Specialty Spotlights May 25, 2023

By Debra Wood, contributor

How Much Does a Nurse Practitioner Make?

There are currently more than 355,000 nurse practitioners licensed to practice in the United States, according to the American Association of Nurse Practitioners (AANP). They provide a significant amount of patient care, and their ranks are growing rapidly.

Ranked as the Best Healthcare Job in 2023 by U.S. News & World Report, the average nurse practitioner (NP) compensation of six figures reflects the respect these advanced practice professionals have earned and the quality of care they deliver.

Join us in taking a look at some of the key factors affecting nurse practitioner salaries, as well as negotiating tips to increase your own earnings.

Nurse practitioner salary data

Different sources report different incomes for nurse practitioners, due to variances in the audience surveyed and timing and methodology of data collection.

The U.S. Bureau of Labor Statistics reported a median annual NP salary of $121,610, as of May 2022.

The American Association of Nurse Practitioners 2022 AANP National Nurse Practitioner Workforce Survey reported a median base pay for full-time NPs of $113,000.

The 2022 Merritt Hawkins Review of Physician and Advanced Practitioner Recruiting Incentives found nurse practitioners were the placement firm’s most requested job search for the second consecutive year. That report indicated average starting salaries for nurse practitioners of $138,000. NP compensation packages included an average of $9,677 as a signing bonus.  

The Medscape 2022 APRN Compensation Report indicated total nurse practitioner compensation of $118,000, up from $111,000 in 2021. In addition, NP pay included $3,000 for productivity bonuses or incentives, a yearly $2,000 bonus, $1,000 in overtime pay, and $2,000 in other NP earnings. Just under half of the NPs surveyed, 48 percent, felt they were fairly compensated.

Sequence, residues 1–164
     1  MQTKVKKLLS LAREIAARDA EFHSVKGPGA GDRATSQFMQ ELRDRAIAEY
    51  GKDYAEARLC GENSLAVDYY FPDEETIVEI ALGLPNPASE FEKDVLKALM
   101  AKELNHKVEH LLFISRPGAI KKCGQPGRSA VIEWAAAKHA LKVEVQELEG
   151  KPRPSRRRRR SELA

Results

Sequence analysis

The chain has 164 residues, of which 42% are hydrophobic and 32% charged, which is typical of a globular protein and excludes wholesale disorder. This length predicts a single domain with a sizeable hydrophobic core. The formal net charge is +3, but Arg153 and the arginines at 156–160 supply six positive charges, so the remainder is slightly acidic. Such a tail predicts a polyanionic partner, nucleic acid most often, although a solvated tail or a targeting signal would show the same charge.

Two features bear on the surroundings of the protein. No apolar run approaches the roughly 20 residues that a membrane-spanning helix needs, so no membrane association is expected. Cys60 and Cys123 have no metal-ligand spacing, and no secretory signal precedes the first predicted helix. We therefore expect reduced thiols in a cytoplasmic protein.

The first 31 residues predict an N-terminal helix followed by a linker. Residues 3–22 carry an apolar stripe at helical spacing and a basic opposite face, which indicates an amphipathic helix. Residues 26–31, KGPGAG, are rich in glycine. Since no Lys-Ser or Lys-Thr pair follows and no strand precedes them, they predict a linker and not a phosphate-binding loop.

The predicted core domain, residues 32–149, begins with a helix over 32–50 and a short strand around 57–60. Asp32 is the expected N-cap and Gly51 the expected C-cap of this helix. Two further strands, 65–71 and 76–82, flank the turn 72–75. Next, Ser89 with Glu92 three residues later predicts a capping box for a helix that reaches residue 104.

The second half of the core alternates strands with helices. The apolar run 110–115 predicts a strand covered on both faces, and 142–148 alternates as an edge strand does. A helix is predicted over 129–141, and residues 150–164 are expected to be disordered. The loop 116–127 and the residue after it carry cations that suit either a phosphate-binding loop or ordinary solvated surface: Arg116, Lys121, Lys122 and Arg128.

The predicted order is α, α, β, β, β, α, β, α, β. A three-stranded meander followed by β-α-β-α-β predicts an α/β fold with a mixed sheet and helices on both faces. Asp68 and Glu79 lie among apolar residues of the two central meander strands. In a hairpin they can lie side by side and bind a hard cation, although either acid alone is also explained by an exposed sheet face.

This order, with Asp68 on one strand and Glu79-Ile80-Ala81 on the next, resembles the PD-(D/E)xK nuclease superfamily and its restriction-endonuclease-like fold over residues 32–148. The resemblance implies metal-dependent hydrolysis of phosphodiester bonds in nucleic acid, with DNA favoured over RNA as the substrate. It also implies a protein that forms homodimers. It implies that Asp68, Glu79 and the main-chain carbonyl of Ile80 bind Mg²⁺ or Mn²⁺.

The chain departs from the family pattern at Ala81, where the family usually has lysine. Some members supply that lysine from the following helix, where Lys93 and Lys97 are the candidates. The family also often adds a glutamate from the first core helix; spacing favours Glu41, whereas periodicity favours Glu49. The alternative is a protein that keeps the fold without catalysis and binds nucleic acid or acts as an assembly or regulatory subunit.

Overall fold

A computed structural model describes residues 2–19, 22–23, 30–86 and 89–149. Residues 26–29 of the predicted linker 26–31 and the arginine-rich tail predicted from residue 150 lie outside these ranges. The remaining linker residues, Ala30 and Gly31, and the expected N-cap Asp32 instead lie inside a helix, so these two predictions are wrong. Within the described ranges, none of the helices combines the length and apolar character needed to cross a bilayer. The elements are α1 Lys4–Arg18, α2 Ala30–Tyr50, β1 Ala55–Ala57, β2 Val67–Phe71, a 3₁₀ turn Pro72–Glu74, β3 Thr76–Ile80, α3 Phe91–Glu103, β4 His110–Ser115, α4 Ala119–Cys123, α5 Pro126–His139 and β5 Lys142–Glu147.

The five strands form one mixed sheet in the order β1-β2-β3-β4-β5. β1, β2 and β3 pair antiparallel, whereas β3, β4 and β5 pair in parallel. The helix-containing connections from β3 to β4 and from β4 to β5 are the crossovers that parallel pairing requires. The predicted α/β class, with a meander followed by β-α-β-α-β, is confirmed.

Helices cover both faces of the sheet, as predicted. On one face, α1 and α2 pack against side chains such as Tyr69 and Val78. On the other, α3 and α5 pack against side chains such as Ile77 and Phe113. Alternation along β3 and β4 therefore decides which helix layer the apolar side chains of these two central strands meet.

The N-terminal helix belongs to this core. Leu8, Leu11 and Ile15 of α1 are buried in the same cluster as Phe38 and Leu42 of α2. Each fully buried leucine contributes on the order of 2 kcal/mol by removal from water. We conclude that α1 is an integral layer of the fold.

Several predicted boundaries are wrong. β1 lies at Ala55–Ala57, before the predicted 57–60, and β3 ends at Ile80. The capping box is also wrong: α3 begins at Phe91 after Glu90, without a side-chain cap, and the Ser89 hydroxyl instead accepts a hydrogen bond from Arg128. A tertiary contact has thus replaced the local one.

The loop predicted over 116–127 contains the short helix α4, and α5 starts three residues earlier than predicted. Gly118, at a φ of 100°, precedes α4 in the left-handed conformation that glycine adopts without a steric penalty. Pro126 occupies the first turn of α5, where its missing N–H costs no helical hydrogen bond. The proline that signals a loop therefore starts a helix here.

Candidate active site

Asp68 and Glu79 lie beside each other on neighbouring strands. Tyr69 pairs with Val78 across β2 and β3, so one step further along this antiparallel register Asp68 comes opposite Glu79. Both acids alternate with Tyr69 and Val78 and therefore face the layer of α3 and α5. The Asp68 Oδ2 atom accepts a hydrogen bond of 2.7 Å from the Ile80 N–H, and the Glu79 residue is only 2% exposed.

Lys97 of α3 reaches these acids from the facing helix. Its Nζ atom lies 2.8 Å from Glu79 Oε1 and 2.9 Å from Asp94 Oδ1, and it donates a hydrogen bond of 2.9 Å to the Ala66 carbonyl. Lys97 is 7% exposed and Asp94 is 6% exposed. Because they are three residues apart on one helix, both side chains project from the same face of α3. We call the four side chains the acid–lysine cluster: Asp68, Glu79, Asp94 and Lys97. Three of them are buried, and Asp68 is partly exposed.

Nurse practitioners working temporary NP locum tenens assignments can earn from $57 an hour to $130 per hour, according to Staff Care. These assignments can be full-time or part-time, and NP pay rates can vary based on a specialty area, location, and other factors.

Key factors affecting nurse practitioner salaries

Various factors can influence your NP salary. Some, including advanced degrees, certification, and location are modifiable to increase earning potential.

Geographic location remains an important factor in NP earnings. According to the Merritt Hawkins report, NP starting salaries averaged $145,079 in the western United States, compared to $114,654 in the Southeast.

The Medscape survey reported similar results, with NP pay the highest in the Pacific region at $140,000 annually, and lowest in the South Central region with an average of $108,000 annually.

Workplace settings. The Medscape survey reported NPs working in the inpatient setting to earn the most, followed by hospital-based clinics or outpatient settings, with those in nonhospital-based clinics or offices earning the least.

Gender differences. Male NPs earn more than female NPs on average—$130,000 for men and $119,000 annually for women, according to the Medscape survey. The survey noted that men were more likely to work in inpatient units and practice in settings with high differential shifts.

Advanced degrees and certifications. The Medscape report found 80 percent of NPs hold a master’s degree and 19 percent a doctoral degree. Those with a doctoral degree earn about 4 percent more, $124,000 annually compared to $119,000 for NPs with a master’s degree.

Advanced practice certification based on specialty also plays a role in nurse practitioner pay. NPs with psychiatric mental health certification earn the most, $132,000 annually, according to Medscape, followed by adult gerontology acute care at $127,000. Family NPs with certification earn an average of $117,000.